November 18, 2004

IN THE CHURCH OF THE HOLY MCCAIN:

Goss aims to rein in the rogues (ROBERT NOVAK, November 18, 2004, Chicago SUN-TIMES)

After President Bush nominated him to be director of Central Intelligence, Rep. Porter Goss walked across the Capitol to meet with a senator he hardly knew and who had criticized him: John McCain. There he received advice confirming his determination to take a course that soon became the talk of Washington.

McCain told Goss the CIA is ''a dysfunctional organization. It has to be cleaned out.'' That is, the CIA does not perform its missions. McCain told Goss that as director, he must get rid of the old boys and bring in a new team at Langley. Moreover, McCain told me this week, ''with CIA leaks intended to harm the re-election campaign of the president of the United States, it is not only dysfunctional but a rogue organization.''

Following a mandate from the president for what McCain advised, Goss is cleaning house. [...]

Traditional bipartisanship in intelligence has been the victim, with Democrats cheering the CIA Bush-bashing. Rep. Jane Harman, ranking Democrat on the House Intelligence Committee, abandoned pretense of bipartisanship, and Sen. Jay Rockefeller, the Senate committee's vice chairman, never pretended. Both are attacking former colleague Goss.

McCain's use of the word ''rogue'' carries historical implications. A long, debilitating time of troubles began for the CIA in 1975 after Sen. Frank Church called it ''a rogue elephant'' that is out of control causing trouble around the world. The current use of the word refers to the intelligence agency playing domestic politics, which is an even more disturbing aberration.


The press has built Senator McCain into such a mythic hero that when he disagrees with them they're left completely flummoxed. His forceful backing of Goss's house-cleaning is an especially delicious instance.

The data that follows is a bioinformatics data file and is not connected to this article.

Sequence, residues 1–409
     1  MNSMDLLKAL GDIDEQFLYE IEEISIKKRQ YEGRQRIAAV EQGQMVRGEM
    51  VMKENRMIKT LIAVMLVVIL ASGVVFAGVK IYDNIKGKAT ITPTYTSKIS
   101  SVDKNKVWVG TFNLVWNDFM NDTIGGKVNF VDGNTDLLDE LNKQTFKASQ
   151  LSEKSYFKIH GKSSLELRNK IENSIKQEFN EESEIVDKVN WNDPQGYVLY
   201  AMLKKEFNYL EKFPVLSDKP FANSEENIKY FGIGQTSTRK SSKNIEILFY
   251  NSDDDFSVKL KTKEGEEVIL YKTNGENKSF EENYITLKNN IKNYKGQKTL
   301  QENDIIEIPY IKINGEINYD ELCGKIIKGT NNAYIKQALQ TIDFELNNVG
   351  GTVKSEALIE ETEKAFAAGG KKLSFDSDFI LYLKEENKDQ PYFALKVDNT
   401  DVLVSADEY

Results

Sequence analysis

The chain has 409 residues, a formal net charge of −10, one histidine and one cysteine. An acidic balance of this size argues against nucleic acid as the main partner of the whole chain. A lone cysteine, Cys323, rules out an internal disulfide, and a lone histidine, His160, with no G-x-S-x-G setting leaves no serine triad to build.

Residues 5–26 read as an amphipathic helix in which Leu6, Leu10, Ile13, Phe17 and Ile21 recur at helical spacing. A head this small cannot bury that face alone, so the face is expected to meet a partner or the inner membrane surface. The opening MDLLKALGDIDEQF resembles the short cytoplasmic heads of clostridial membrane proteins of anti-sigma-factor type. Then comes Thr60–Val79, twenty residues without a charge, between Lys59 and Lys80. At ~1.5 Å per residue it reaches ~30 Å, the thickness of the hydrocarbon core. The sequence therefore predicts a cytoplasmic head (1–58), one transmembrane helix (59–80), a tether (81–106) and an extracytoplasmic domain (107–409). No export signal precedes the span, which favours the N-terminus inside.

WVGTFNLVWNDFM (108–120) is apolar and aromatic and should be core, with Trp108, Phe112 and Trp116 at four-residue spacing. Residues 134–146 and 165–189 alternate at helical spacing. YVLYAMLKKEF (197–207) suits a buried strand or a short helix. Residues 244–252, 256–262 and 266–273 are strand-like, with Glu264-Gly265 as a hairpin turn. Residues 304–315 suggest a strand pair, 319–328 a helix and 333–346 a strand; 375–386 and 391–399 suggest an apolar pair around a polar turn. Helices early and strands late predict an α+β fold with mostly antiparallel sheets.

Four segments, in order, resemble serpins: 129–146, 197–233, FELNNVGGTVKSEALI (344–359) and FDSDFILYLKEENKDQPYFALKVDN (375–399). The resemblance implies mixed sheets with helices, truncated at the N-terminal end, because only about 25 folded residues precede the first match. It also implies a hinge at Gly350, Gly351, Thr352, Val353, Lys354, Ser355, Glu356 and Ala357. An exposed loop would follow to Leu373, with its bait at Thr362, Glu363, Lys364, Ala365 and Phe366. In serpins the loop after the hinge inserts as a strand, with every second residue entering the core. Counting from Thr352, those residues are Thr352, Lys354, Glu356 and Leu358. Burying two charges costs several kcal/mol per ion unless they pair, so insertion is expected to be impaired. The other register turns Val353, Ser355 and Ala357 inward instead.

Posted by Orrin Judd at November 18, 2004 10:54 AM
Comments

McCain gets a lot of flak from conservatives. Some of it he deserves, some he doesn't. But he truly does want the government to perform it's tasks competently, and he does believe that some things are more important than winning the next election.

Posted by: Brandon at November 18, 2004 11:08 AM

Brandon:

He did himself much damage to the Right by trying to curry favor with the press on issues like abortion in 2000.

Posted by: oj at November 18, 2004 11:11 AM

But I think he now recognizes that Bush's Core is more popular than he is, so if he wants to get the '08 nomination, he needs to support the party & president, not just be a gadfly.

And in situations like this, he's proving himself to be quite helpful, for the reasons OJ noted.

Posted by: Timothy at November 18, 2004 11:18 AM

I suspect that his loyalty will be repaid. If he wants the nomination in 2008, I expect that he'll get it.

Posted by: John Thacker at November 18, 2004 11:19 AM

He needs to eat humble pie on CFR and toss it overboard for a much simpler system.

Posted by: Sandy P at November 18, 2004 11:20 AM